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Researchers from The University of Western Australia have discovered children can successfully comprehend and create novel human communication systems.

Image Credit: The University of Western Australia

The study, published in Child Development, could help shed light on how new languages are created.

A team from UWA’s School of Psychological Science examined if children could create language-like communication systems using an experimental model similar to the game charades.

Children were asked to communicate a set of meanings to a partner but were not allowed to use conventional language.

Instead, they had to communicate either through gestures or through non-linguistic vocalizations – making sounds that are not words.

Previous studies had shown children were able to create new language-like communication systems, however it was unclear if the children required adult guidance to do so.

The study eliminated the opportunity for adult input or guidance, generic calcium carbonate pharm support group no prescription allowing the researchers to determine if children – aged between six and 12 years – could independently comprehend and create a new communication system.

The results clearly showed that children could successfully comprehend and create novel communication systems, that this ability improved with age and that communication success was higher when children used gestures compared to vocalizations.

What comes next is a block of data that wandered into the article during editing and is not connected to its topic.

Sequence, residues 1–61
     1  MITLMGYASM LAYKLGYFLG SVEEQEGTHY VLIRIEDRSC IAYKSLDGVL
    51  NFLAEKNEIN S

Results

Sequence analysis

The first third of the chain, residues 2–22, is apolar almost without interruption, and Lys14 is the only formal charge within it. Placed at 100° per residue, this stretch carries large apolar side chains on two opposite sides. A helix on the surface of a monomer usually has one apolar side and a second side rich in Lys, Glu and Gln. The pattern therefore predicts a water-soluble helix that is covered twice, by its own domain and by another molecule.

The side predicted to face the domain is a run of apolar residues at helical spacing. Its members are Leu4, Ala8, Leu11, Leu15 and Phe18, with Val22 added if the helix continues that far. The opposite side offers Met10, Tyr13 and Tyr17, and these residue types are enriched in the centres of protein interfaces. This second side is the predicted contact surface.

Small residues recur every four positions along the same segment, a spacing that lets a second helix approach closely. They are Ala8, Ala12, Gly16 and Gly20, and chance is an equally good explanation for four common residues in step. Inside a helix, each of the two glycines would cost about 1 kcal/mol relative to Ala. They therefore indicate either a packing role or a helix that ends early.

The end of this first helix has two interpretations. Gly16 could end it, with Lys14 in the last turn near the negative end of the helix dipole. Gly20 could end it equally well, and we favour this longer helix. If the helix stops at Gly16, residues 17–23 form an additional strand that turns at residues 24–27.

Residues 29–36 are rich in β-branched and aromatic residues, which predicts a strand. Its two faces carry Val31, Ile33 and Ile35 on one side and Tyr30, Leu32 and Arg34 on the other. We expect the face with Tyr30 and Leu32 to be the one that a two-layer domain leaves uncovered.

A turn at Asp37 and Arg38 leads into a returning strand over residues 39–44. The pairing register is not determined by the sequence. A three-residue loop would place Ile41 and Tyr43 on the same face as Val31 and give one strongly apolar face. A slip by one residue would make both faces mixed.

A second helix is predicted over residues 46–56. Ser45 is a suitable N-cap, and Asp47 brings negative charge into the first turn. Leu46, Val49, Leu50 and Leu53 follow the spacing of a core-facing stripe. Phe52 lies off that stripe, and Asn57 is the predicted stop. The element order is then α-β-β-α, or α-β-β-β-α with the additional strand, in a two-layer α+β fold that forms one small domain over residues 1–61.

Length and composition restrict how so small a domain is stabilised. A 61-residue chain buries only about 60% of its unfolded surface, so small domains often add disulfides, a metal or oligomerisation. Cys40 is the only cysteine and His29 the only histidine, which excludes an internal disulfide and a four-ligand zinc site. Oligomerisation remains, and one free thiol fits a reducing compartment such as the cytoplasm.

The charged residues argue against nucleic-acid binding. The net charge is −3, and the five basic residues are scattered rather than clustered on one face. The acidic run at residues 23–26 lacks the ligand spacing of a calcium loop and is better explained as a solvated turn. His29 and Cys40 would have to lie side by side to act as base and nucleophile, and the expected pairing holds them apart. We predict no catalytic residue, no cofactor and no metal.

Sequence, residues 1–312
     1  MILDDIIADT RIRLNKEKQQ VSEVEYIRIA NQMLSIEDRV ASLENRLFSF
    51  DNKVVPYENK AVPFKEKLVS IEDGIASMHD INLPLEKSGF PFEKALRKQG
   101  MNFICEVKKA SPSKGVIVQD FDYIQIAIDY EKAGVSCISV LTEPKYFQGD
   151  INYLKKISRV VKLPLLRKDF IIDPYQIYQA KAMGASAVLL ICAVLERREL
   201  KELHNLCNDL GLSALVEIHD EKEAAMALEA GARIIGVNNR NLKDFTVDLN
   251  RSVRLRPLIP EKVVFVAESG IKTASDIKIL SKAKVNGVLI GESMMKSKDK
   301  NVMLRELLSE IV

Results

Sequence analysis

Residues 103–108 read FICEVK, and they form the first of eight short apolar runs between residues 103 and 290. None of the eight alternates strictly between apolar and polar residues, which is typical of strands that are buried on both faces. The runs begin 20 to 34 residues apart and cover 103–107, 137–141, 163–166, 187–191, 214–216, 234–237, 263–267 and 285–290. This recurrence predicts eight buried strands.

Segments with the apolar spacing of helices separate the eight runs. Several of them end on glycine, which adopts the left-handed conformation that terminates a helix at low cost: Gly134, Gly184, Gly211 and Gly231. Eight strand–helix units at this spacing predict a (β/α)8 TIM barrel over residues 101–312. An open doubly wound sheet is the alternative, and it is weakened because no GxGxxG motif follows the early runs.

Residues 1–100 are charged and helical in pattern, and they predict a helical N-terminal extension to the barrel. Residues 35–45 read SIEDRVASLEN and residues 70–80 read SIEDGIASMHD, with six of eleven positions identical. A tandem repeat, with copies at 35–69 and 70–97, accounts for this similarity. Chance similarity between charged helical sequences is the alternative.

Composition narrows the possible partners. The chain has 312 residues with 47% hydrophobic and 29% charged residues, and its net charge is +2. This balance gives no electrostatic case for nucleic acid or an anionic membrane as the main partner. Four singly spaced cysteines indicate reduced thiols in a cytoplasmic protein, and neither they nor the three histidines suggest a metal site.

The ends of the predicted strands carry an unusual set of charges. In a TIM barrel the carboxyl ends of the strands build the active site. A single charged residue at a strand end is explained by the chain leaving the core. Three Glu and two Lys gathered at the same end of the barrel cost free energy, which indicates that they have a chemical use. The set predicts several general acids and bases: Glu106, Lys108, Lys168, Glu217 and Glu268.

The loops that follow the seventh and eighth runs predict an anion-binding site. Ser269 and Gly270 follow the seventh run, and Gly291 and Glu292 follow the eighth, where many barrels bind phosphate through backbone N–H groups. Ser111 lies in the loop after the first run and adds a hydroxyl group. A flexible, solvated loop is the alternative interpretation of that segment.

Children were better able to understand gestures because they visually resembled their meaning.

Lead author Dr Casey Lister said the findings suggested that gesturing was a useful tool when creating a human communication system.

Although these children have had less exposure to language and possess immature linguistic systems they could successfully use gesture to create novel communication systems that other people can comprehend. What’s more, they are significantly better at doing this through gestures than through vocalizations. These findings suggest that gesture is likely to have played an important role in the origin of language.”

Dr Casey Lister, Lead author

Source:

The University of Western Australia

Posted in: Child Health News | Medical Research News

Tags: Children, Language

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